Using data from the 2005, 2010, and 2015 Rwanda Demographic and Health Surveys, 19,028 in-union women (15–49 years) were analyzed to examine trends in socioeconomic disparities in contraceptive use. The shrinking of gaps in contraceptive use by socioeconomic status coincided with narrowing of disparities in demand for children and with improvements in family planning services, suggesting that disadvantaged populations may have especially benefited from public programs...
Our training materials can be used to introduce a broad range of audiences and backgrounds to important concepts related to gender and health. Each training course focuses on one of five themes that complement the CORE Gender 101 agenda: Gender Integration, HIV + Sexuality, Safe Motherhood, Gender-Based Violence, and Constructive Male Engagement. The courses are designed to meet the geographic and technical needs of cooperating agencies, USAID Missions, and specific projects. Materials range from basics such as using a shared gender vocabulary and programmatic guidance, to user guides on how to conduct a gender analysis, to exercises for gender trainings. The trainings are geared to be used by anyone and with any audience, even those learning about gender for the first time!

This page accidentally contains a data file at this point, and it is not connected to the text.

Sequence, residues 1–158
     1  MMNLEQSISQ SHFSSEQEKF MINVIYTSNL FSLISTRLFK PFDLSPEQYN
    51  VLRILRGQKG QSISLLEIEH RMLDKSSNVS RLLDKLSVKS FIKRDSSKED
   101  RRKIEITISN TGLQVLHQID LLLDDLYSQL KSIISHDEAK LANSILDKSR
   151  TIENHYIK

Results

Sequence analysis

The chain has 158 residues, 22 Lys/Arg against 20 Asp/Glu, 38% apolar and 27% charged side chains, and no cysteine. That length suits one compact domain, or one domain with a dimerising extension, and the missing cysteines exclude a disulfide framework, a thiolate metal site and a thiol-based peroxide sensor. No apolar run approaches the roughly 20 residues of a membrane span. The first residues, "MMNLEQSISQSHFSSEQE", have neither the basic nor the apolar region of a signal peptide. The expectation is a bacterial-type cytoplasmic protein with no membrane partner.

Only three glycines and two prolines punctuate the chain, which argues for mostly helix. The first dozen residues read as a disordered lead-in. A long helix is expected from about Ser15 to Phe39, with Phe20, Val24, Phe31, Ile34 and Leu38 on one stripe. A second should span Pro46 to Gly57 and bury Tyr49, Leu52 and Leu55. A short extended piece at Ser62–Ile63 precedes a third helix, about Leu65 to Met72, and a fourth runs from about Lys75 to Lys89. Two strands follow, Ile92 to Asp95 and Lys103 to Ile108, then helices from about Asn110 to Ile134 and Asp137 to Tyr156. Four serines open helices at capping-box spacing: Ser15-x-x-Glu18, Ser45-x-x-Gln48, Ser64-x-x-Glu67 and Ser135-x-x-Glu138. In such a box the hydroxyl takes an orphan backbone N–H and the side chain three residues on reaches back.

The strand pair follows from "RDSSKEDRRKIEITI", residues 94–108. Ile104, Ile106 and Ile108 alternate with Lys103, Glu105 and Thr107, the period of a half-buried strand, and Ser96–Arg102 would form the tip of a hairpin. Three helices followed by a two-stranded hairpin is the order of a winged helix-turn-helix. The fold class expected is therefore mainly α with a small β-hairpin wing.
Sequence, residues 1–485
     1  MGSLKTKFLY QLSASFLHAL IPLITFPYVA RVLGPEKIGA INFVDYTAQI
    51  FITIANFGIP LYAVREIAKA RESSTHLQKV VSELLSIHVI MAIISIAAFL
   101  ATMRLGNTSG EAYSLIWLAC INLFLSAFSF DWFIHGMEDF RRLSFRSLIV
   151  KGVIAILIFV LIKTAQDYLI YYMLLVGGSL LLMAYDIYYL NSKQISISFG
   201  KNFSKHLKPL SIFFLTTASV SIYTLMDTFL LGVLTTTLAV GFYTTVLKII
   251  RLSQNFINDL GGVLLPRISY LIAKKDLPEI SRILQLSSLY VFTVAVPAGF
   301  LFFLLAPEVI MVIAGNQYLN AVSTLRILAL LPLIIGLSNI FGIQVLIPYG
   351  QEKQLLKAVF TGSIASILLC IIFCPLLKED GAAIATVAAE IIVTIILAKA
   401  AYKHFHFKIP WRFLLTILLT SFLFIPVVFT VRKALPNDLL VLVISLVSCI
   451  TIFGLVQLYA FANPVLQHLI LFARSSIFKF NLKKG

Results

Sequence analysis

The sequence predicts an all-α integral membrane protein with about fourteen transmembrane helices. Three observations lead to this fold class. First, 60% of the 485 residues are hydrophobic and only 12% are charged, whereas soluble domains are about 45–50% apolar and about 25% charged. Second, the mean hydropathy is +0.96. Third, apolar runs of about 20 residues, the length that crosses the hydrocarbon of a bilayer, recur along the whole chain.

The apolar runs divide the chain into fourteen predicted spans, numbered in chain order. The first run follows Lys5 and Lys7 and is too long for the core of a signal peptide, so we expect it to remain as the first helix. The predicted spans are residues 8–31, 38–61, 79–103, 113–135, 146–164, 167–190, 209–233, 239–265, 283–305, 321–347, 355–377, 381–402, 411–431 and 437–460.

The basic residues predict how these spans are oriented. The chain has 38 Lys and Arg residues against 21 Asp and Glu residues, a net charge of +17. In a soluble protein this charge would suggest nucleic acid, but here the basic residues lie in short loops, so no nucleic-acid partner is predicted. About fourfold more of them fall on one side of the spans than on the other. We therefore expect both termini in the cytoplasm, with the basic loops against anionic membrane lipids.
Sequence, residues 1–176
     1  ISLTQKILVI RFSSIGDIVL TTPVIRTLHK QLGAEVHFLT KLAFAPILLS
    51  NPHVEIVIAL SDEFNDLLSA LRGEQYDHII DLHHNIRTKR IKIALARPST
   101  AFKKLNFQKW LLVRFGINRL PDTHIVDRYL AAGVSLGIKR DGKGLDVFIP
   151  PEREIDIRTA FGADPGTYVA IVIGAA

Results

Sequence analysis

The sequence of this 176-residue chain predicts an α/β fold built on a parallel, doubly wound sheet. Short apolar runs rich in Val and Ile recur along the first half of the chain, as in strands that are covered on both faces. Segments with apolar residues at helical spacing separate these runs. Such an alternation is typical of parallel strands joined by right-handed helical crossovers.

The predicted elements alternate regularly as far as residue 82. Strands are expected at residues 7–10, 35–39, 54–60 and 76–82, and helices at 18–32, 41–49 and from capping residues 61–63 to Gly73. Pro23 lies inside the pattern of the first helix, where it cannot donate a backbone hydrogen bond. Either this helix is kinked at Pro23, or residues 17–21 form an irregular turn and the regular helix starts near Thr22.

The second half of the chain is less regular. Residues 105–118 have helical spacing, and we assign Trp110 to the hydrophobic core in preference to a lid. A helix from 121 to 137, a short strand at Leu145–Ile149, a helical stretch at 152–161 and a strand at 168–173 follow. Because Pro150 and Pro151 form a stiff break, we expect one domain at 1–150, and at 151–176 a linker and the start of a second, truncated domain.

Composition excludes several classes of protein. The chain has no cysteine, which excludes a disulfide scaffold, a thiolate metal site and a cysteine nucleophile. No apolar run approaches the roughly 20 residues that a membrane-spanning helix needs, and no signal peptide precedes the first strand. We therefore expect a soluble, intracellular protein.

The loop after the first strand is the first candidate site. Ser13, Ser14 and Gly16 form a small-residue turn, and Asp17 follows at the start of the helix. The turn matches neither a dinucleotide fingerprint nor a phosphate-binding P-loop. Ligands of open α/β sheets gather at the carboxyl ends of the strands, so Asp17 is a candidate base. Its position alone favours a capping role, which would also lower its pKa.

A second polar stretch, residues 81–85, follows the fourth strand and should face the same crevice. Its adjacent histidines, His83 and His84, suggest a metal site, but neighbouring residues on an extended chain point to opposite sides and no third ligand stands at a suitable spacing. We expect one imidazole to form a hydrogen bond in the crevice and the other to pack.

Our popular Gender Integration Continuum framework is an important tool to assess how programs do (or do not) address gender and move them toward more gender-transformative actions. An updated User’s Guide for facilitating training on use of the continuum is available, along with other materials.
This paper explores health care providers' biases regarding contraceptive use by adolescent and young adult women, drawing on a study of private health-sector health care facilities in South West Nigeria and how provider bias impacts quality of care and method choice.
Health care providers' biases regarding the provision of contraceptives to adolescent and young adult women may restrict women's access to contraceptive methods and affect quality of care. This article encourages interventions that address underlying sociocultural beliefs that create a barrier to proper reproductive health care.
This article reviews key components of long-acting reversible contraception (LARC) uptake in Sub-Saharan Africa with the aim of guiding policies and programs. The authors assess trends in access to the intrauterine device and implant; examine trends in use, source of supply, discontinuation, and user characteristics; and discuss prospects for and policy implications of expanding method choice by increasing LARCs’ availability in national programs.
This slide deck, funded by USAID through the Policy, Advocacy, and Communication Enhanced for Population and Reproductive Health (PACE) Project, consists of 57 data-driven slides that can be used by advocates, program planners, and funders, to make the case for engaging boys and men in family planning.
Based on a review of existing evidence, the guide summarizes policy and program interventions that have proven to be effective in increasing access to and use of contraception among youth, as well as those that are promising but have inconclusive evidence and those shown to be ineffective.